In the aftermath of 9/11 there have been some proposals to amend FISA to delete the “agent of a foreign power” limitation, at least with regard to non-U.S. persons. That proposal would fundamentally change the basic concept of FISA and transform it from a foreign affairs/national security intelligence tool to a criminal intelligence tool. That change would, in my opinion, unnecessarily blur the already difficult line between the intelligence and law enforcement communities. It would also institutionalize an alienage-based distinction of considerable significance.

In a given case where there is no basis to allege that a particular individual is acting as an agent of a foreign power, the matter is rarely going to be of concern to the National Security Council, the Department of State and the Department of Defense. Absent an interest from one of those components, there is no legitimate foreign intelligence interest and no reason to authorize FISA surveillance.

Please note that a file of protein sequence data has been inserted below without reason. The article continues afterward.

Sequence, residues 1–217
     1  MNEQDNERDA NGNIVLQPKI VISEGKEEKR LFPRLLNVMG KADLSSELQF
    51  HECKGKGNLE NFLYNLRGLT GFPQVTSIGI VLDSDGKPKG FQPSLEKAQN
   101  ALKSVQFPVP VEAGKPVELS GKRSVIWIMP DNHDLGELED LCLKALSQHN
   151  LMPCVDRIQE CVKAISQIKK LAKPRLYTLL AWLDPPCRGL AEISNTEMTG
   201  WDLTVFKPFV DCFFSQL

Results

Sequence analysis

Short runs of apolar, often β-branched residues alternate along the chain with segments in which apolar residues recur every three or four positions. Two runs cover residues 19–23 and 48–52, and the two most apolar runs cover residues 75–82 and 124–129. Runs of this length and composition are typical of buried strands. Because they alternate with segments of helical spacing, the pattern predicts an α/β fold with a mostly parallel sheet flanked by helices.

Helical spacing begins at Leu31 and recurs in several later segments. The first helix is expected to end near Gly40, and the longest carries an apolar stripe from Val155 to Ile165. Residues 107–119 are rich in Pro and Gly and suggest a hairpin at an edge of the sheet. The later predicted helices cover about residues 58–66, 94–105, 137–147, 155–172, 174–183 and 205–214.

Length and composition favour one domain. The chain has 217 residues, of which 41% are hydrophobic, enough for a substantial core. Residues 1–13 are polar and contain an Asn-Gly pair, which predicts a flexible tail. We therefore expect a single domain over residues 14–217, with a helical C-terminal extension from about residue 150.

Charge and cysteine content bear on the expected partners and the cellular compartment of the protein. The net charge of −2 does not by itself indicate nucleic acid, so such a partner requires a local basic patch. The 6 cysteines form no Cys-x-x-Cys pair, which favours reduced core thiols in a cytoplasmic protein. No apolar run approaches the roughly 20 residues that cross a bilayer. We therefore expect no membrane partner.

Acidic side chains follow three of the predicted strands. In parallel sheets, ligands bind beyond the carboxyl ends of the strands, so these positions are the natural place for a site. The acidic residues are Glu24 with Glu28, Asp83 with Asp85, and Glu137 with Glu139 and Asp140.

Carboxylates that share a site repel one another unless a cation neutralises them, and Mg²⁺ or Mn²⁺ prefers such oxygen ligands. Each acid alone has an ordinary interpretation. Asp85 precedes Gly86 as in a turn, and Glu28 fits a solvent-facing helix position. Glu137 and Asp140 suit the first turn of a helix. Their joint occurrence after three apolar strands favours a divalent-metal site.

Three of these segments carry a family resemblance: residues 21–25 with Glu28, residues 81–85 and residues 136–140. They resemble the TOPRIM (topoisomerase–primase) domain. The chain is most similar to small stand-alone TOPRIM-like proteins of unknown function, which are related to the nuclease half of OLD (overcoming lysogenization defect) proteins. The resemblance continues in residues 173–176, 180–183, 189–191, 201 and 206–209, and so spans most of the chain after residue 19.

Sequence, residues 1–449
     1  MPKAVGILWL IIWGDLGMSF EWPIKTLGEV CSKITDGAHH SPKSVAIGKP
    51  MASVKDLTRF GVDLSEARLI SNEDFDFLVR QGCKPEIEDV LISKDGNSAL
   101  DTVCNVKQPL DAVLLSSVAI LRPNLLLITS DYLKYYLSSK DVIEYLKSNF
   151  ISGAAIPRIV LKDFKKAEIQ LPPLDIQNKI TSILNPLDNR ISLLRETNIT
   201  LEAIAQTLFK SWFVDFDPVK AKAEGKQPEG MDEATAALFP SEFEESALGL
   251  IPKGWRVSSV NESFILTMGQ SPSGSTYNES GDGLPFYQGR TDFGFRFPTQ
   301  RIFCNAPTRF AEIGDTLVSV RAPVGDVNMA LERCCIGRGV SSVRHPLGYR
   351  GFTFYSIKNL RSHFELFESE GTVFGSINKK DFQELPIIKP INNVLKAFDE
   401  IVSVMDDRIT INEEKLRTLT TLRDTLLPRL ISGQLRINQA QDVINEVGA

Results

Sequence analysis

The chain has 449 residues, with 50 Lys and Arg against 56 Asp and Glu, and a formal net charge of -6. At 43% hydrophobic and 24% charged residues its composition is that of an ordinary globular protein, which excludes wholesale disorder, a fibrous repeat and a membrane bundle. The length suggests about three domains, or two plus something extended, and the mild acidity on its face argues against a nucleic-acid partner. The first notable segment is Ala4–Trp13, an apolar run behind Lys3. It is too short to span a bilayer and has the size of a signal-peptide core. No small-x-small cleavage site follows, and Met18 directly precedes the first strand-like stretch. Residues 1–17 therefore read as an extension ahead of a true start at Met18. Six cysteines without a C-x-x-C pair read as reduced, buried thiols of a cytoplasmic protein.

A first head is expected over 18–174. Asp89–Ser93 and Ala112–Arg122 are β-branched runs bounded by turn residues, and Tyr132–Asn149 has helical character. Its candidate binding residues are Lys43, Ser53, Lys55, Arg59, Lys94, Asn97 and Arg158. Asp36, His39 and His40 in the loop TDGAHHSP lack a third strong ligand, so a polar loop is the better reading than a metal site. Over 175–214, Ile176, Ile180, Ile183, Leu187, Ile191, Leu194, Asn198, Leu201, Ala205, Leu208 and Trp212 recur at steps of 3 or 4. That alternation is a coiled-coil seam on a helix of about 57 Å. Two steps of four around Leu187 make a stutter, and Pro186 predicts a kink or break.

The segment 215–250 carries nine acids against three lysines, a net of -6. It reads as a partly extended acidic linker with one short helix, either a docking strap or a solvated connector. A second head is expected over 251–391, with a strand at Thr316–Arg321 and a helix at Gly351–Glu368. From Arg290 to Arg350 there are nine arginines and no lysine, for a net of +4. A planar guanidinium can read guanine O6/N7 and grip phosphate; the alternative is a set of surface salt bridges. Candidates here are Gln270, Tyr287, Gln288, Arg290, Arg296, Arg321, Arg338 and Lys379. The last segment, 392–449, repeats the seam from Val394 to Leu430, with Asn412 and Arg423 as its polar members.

E. Change FISC Rule 11

In April 2002 the FISC adopted Rule 11 requiring all FISA applications to include “informative descriptions of any ongoing criminal investigations of FISA targets, as well as the substance of any consultations between the FBI and criminal prosecutors at the department of Justice or a United States Attorney’s Office. I believe that requirement is unsound and goes well beyond any appropriate role of the FISC.

I recognize the FISC has a duty to oversee the implementation of minimization procedures. That duty properly includes reports of dissemination of information obtained through FISA surveillances and searches. But Rule 11 is not limited to dissemination of FISA-derived information. Rule 11 requires comprehensive reporting on all aspects of any criminal investigation involving a FISA target. That requirement injects the FISC far too deeply into criminal investigations. It amounts to a comprehensive contemporaneous oversight of certain criminal investigations and prosecutorial decisions. That is not an appropriate role for an Article III court. Investigation and prosecution of crimes is an executive, not judicial, function. Rule 11 should accordingly be substantially revised to limit any reports to those needed to monitor implementation of minimization procedures.